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Voice / online resource (None) 1946-1986, October 01, 1966, Image 2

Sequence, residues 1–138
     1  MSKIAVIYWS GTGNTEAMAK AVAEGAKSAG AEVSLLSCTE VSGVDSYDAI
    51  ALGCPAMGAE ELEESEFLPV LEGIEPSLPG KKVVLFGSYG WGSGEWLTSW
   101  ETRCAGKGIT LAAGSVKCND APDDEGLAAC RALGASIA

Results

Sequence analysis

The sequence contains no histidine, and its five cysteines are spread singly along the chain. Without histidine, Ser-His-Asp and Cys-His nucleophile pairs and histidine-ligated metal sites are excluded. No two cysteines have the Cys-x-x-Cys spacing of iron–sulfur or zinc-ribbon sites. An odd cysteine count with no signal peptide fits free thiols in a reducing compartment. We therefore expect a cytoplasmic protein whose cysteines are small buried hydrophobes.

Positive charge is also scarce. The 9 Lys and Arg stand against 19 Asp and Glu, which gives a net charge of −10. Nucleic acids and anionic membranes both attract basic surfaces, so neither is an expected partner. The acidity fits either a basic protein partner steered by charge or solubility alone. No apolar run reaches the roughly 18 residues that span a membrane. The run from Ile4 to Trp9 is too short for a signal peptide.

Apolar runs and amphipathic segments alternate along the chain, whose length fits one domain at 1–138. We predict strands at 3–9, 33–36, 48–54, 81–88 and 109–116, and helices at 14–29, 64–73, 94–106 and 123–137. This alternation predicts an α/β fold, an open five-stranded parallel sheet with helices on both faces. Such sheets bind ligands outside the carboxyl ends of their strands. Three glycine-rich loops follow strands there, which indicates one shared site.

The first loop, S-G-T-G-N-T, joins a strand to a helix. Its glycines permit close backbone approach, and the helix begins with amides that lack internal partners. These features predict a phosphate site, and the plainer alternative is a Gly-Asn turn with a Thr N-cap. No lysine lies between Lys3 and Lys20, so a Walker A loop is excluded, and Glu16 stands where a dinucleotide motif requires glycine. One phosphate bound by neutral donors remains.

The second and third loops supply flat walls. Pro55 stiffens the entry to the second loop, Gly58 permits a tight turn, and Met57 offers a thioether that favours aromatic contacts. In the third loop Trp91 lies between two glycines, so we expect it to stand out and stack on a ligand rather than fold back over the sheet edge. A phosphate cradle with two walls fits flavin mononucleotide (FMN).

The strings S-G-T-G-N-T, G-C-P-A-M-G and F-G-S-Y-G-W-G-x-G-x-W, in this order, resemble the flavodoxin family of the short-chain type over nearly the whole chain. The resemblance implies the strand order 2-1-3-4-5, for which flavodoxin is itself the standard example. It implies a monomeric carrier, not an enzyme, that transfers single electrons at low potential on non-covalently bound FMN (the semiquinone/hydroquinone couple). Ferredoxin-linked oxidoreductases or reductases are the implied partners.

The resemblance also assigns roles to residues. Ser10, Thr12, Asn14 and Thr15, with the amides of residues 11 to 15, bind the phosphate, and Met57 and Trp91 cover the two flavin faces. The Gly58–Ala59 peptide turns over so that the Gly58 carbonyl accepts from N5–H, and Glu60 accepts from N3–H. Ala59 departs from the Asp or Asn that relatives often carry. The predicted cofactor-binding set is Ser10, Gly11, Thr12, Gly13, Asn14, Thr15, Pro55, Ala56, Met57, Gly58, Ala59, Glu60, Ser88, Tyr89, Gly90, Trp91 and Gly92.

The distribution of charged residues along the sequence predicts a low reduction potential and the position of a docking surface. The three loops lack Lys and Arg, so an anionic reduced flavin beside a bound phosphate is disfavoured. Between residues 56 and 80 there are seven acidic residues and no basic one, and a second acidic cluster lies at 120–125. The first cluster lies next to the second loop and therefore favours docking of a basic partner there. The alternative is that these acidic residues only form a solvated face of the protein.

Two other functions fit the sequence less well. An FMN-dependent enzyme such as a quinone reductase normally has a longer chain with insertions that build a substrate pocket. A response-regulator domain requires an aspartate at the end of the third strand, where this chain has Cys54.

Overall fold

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When I made my application, I was told to report to the psycho logical testing center in that city and upon reporting, I went through an exhausting series of test that seemed to never end. I want to suggest to you that testing is nothing new. Many large ■school systems have been using tests to certify teachers, allowing them to teach in public schools over the years. It’s only been though, since 1954, that the use of tests accompanying your degree, has been used widely and you need to be aware of the signifi cance of these tests. More and more we are going to be given standardized tests. In short, I’m saying that degrees are not going to count for very much unless you succeed on these standardized tests. This will be the significance of the NTE. It means that your performance on these tests will determine whether or not you will be certi fied to teach, not withstanding the acquisition of a degree. And so it is of crucial importance at the out National Library Contest Poetry set that you understand the fact that before you plea or before you’re placed, you will be re quired to take the NTE, and you ought to begin now to plan, to put yourself out in terms of exposure to the library and in exposure to key notions in all deals which you must grapple with on these tests. Now, unfortunately, we had a few students each year and we still do have a few teachers each year who make scores of less than 400. This seems to me to indicate something very important. In view of the fact that a prospective teacher next year must make a score of 475 on the common exam ination on the NTE in order to teach in the State of North Caro lina, and that in the year 1968, a prospective teacher must make a score of 500 in order to be certi fied to teach in the State of North Carolina, I think you ought (o know that a score of 500 is not a high score. The NTE consists of two exam inations but only one is being cur rently uesd in North Carolina — this does not apply universally, however, — to certify teachers. That’s the common examination, but when you take the NTE, you will take a test in your toachin" area, in your major. Now the scores there range from 300 to 990. Most of our students are making about 500 in their teaching fields, so the average score is about 500, but you can make as high as 900. 500 Is th e usual range on the common examinations which are so important to us be cause this is how the state depart ment determines whether or not lo certify you. The scores range from about 386.7 to 774; nevertheless, you have to make 386 to get on the sheet and some of our students don’t even get on the sheet. I re member one fellow took it last year and made 342 or something of the sort, so he didn’t even get on the sheet. By the same token we had another young man, a math major, who made a score of SKETCH PAD 719 which is in the 10th percentile and pretty good. You need to be aware that you will be given three discreet tests in general education when you take the common examination. One of these is written English; another is social science, literature and fine arts, and the third is mathematics and science. Now, If you don’t get the basic fundamen tals in your general education courses, it’s going to show up, no two ways about it. You will also be given a test on professional edu cation in the common examination when you take it. There will be three discreet tests in this part of tfie test; one in psychological foun dations, one in sociological foun dations and a third in teaching principles and practices. Out of these six discreet tests, you will be given an additive score of such -and-such. I’d like to see the students here at FSC-all stu dents who graduate — make above 600. I’m serious about this too. I had rather by choice live out in the woods, you know; you don’t know, I’m telling you — nine miles from town — but voluntarily about three years ago, I started meeting with upperclassmen once a week, not because I thought I was smart enough to teach them all the things that they should have gotten in a year. Nobody but somebody stupid would think that, but what I did try to do with these students was to give them some self-confidence, just to raise the level of learning and to let them practice. We gave them all kinds of tests; In short, I tried to evi dence some concern for these stu dents. DR. MALVIN E. MOORE, JR. MISS LENA MEANS PAD pays tribute to members of the college family who render excellent service to FSC^s overall welfare during the period preceding each edition of THE VOICE. This edition salutes Dr. Malvin E. Moore Jr., Dean of the College, and Miss Lena Means, Registrar for their combined endeavors that led to the smooth operation of opening activities. I’m contemplating the idea now of taking you once a week for the next two years, two and a half years, and see whether or not we can find out if the concern of fac ulty members can raise the level of you learners in giving you some practice with tests will not 'be sig nificance. You don’t know who Dr. Allison Davis is yet, but you will, no doubt. He is a Negro who holds a professorship at the University of Chicago. He spoke to a group of us in Florida last year. I forget the observation that he made with regards to test ing. He said many of the upper and middle class white families take their kids to experts and have them practice on tests before they take the college entrance examina tion board’s test, in order to give them impressionable et cetera, et cetera. Now his observation is that if these parents whose children have been exposed to all kind of enriched experiences do this, how much more we need to do this. We need to help students to be come test wise as we put it, by letting them practice. Practice does not make perfect but it helps. So this is what we would tell you to do; Alleson Davis made the observation that at the end of the sophomore year at the University of Chicago, student has twenty tests, twenty standardized tests. Ninty-nine percent of those stu dents would take any standardized test and make a high score on it, not necessarily because Ihey were intelligent — many of them who are intelligent make pretty high scores on these tests — primarily because they know what to look for. They become test wise. They look at this item and say, “What is this guy getting at?” don’t you see. Rather than guessing, rather than putting down the idea they would accept as being correct — and it might be correct — but the fellow who writes and checks the test says you must select the item that comes pretty close to what they say is the most nearly correct answer. NATIONAL LIBRARY CONTEST WINNERS The Great Society By BARBARA MYRICK I am but a stranger in this land of doubt — In this land where the one-eyed monster seeks Annihila tion of my belief in God and Self; I wander in this country of mad ness that demands an end to re sistance. I feel a stranger here; yet I feel an alliance With the suffering masses of naked souls In this cor rupted paradise. For my comrades are lost in this morastic jungle Of dead ideas, and I, too, am lost. I, too, carry membership to the Cult of the lost Souls, and I feel fear. I cry out to the night to hear emptiness; I cry and it is a hollow sound — an echo to my Tortured mind, an echo. Work, Rest, Ride By ELISHA CARMACHAEL I am not one to scorn the man Who claims life’s best is work, Nor am I one to relax all day And all my duties shirk. But I say this, my favorite son, Taking love by your side to con quer worldly fortunes. You must work and rest and ride. Work with the strongest of them all. Work till you are out of breath, Rest then son, for too much toil may lead to death; And ride my boy, among the ones whose lives are full of sin. But ride up high above them, else you too may be forced in. Ride with kings of might and wealth. Ride with men of shame; Ride with courage in your belt, Ride wth honor’s name. Ride and ladgh and sing and cry ,Ride and emotion’s hide; Ride with the stars and the clouds in the sky, Ride and sing with pride. Work better than anyone. Rest when you know you should; Ride not only among the best, my son. But among the bad and the good. Work, rest and ride my son But let charity abide — He spoke to me these words but once. Then turned his head and died. So what have I said to you? Well, I have said that the signi ficance of the NTE which you’re going to take in 1969 or 1970, lies in the fact that it will determine whether or not you will be certi fied to teach in the State of North Carolina; and more importantly, in many other states. I predict fin ally, that by 1970 when you take the common examinations of the NTE, the cutoff score is going to be between 559 and 600. Thank you. Teaching As A Career We must get off to a good start, spend our time wisely and be fully prepared at the end of four years. These were Dr. Frierson’s “neces sities” as she talked to the fresh men about teaching as a profes sion, its opportunities in elemen tary and secondary schools, prepa ration for the 1 sonal charactei the profession. Experiencing No Experience By LAURA GILMORE A young, innocent mind Grew up protected, safe from und^rsir- able grime But the veil lifted as the changing times Put the rare, unspoiled treasure in a bind. Dents yes, but no holes yet Had gotten into the masterpiece; Any pecul iar happening wouldn’t let The mind’s cheerful attitude cease. When ugliness squeezed in Through a pin’s hole. It spread to the size of a bowl. Taking with it a larger role To learn and much later to discern. man can make is to remind him self together, and unless he does canteen, sometimes the curriculum he will find that he has not pre pared in the very best way for four years, for this job to which he has eagerly looked forward.” Dr. Frierson said that the profes sion of teaching is its own justi fication for its inclusion among the professions. Its services are critically important to society and procedures used in the profession utilize intellectual techniques. The profession guarantees the quality of its members and those members are organized for professional acti vities. She said that opportunities in , both elementary and secondary ^ education were numerous. Such ■ positions as classroom teachers, - coordinators of curricula, super visors, special teachers, counsel- - ors, librarians and auxilliary per- - sonnel await the properly trained - graduate. Dr. Frierson added that prepara- " tion may be acquired right here at FSC. The incoming student - must face up to this challenge by » getting off on the right foot at the very start of his stay here. There are now higher standards in the NTE in major concentrations, which make it .necessary that a good start is made. She concluded by mentioning certain personal characteristics vi tal to the teaching profession. Its members must have good mental health, vigorous physical health, imagination and good humor. The Voice EDITOR ASSISTANT EDITOR NEWS EDITOR Exchange Editor Feature Editor Cornel Davis Barbara Weeks Sports Editor Art Editor Johnny Daniels Charles Cooper Photography Editor Asst. Photography Editor Floyd Woodard Eloise Sherrod Typists Rowena Pereson Laura Gilmore Willie Hines Staff Writers Laura Gilmore Leonza Loftin Shirley Sturdifen Eloise Sherrod Rowena Peterson Hector McEachern Charles Cooper Barbara Myrick Cornel Davis Barbara Weeks Advisor Ollie Cox —r 9